IOC allows athlete protests before Olympic events, bars political gestures on podiums and during competition

The IOC said the guidelines were approved by the Executive Board of the IOC as part of the IOC Athletes’ Commission’s (IOC AC) recommendations. The IOC said the guidelines offer “further clarity” on the “wide range of opportunities available to them to express their views.”

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Athletes will be allowed to express a political gesture prior to the start of a competition or during their introduction or the introduction of the team. However, the gesture must meet four different criteria.

The gesture has to be consistent with the “Fundamental Principles of Olympism,” cannot be targeted at a certain people, country or organization, cannot be disruptive and cannot already be banned by a nation’s own Olympic committee or federation.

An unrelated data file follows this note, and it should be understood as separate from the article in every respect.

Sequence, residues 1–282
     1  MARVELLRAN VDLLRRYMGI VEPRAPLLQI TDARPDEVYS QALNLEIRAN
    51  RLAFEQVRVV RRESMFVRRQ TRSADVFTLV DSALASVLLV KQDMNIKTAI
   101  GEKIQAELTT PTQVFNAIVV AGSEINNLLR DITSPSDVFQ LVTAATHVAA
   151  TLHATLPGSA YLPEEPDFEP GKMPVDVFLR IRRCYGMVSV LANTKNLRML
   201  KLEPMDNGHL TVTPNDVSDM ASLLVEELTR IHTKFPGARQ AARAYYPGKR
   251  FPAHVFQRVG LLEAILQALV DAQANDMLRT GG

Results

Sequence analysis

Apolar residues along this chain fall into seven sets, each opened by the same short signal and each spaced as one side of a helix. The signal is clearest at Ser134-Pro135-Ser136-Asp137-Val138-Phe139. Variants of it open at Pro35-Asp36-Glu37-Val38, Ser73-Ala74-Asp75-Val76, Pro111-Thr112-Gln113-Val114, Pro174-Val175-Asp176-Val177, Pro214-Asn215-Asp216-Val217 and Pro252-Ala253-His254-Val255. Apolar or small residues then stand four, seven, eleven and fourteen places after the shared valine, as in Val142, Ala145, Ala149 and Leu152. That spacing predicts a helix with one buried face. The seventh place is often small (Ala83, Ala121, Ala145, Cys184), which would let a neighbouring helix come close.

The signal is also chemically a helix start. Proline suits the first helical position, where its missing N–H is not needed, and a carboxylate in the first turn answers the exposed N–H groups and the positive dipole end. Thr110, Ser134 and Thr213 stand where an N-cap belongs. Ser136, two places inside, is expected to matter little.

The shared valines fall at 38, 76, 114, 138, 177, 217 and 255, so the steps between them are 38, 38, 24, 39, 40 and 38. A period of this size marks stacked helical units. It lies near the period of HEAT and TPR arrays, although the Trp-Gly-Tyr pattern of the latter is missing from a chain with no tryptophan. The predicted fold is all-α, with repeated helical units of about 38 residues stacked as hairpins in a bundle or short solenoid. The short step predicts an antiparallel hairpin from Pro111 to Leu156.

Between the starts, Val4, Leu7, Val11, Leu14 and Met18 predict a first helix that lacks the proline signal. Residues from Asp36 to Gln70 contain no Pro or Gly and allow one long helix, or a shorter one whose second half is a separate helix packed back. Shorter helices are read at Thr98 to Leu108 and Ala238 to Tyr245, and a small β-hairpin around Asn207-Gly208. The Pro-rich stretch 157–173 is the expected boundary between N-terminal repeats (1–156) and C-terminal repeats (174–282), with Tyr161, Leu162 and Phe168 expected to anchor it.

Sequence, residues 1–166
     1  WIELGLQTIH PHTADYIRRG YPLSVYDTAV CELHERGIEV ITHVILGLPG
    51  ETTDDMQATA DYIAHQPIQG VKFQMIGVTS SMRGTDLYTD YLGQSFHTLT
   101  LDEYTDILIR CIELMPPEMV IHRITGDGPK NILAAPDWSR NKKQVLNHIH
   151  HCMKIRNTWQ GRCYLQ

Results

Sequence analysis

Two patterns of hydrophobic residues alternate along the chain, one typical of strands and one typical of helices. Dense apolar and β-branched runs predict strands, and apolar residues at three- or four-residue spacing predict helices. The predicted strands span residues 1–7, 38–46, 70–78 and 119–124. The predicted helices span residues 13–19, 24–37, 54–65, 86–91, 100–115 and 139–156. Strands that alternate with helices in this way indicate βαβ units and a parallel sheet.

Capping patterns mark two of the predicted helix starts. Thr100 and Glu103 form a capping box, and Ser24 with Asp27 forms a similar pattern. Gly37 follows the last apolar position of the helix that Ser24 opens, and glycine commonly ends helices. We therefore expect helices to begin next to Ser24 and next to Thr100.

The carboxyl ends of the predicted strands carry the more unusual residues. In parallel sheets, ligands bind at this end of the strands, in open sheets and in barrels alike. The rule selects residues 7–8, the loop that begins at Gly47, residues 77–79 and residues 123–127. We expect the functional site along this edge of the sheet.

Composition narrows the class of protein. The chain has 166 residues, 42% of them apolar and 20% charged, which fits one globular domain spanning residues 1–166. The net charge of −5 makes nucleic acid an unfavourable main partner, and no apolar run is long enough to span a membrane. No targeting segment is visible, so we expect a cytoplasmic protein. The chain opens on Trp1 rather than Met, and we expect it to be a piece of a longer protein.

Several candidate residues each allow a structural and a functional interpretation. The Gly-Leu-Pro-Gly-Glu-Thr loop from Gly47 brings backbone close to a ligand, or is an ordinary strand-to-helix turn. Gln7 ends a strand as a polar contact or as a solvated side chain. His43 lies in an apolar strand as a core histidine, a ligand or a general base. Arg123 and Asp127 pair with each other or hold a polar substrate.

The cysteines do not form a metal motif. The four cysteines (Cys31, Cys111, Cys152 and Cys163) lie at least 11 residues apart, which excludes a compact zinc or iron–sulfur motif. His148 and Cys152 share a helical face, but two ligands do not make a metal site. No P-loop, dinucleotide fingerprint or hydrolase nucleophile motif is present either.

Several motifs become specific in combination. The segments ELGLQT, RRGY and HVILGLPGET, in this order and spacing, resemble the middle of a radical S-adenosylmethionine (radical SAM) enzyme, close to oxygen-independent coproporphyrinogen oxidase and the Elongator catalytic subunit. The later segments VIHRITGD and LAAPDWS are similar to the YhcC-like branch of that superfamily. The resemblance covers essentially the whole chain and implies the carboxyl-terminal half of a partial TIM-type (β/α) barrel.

Gwendolyn Berry, left, looks away as DeAnna Price and Brooke Andersen stand for the national anthem after the finals of the women's hammer throw at the U.S. Olympic Track and Field Trials Saturday, June 26, 2021, in Eugene, Ore. Price won, Andersen was second and Berry finished third. (AP Photo/Charlie Riedel)

Gwendolyn Berry, left, looks away as DeAnna Price and Brooke Andersen stand for the national anthem after the finals of the women’s hammer throw at the U.S. Olympic Track and Field Trials Saturday, June 26, 2021, in Eugene, Ore. Price won, Andersen was second and Berry finished third. (AP Photo/Charlie Riedel)

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